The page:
originally published Equine Journal, April 2014
The biggest priority for all levels
of riders is to establish a firm, stable position in the saddle. No muscle works alone in the body, so it’s important to learn how they are connected and which ones to focus on. The BRF Program emphasizes the importance of six specific muscle groups that best support the frame of the rider: Trapezius, Obliques, Medial Deltoid, Latissimus Dorsi, Hip Abductors and the Soleus.
From here, rider should incorporate functional movements that will strengthen these muscles and therefore, their core.
Since lower-level riders are mostly doing 20 meter circles, long side, diagonals, half-10-meter volte’s and transitions, functional fitness for this level is making sure that both the shoulders and hips are level and even. Additionally, riders must become aware of how their body weight might be communicating false directions.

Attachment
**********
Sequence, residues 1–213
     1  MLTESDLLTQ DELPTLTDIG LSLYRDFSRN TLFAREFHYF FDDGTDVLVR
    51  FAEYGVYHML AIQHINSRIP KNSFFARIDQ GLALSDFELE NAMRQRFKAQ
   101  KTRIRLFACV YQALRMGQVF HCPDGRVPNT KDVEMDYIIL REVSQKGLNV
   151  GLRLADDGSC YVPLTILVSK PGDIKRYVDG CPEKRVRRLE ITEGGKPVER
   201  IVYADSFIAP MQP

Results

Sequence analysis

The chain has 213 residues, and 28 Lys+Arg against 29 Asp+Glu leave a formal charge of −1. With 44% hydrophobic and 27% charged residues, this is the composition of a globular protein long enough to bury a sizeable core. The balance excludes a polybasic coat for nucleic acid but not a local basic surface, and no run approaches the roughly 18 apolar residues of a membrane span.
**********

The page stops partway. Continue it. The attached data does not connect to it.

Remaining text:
By implementing simple strength training into your program, you will not only strengthen muscles for your position, but your body awareness will increase. That’s priceless in the sport of horseback riding.
Doing exercises that are “bi-lateral” is a great way to increase functional awareness in the core from side to side. This means performing a regular chest press opposed to a single arm chest press. The reason behind this is that, in the saddle, the arms work independently, but they need to learn how to operate together. It helps the rider to have the body awareness in terms of balance between the two arms when they function. Riders should implement this with leg exercises as well.
Upper-level riders are required to do more uni-lateral work within the core. The lateral work complicates the core’s engagement and challenges it. There are always things that you must do to keep the horse in check and the core must stay engaged during this work on a horse.
Do exercise that have you moving across different planes of motion. Show the core how to recruit diagonally across the body. Teach the lower body to engage independently between the right and left leg.
Take for instance a regular squat. This is really good for the lower-level rider to know how the hips are stabilizing. The side lunge is great for the upper-level riders because each leg is focused on one at a time. Both exercises can be challenged more with a BOSU ball.
Workouts need to complement the weakness and strengths that riders have in their core, so try out different exercises and find out which areas need conditioning.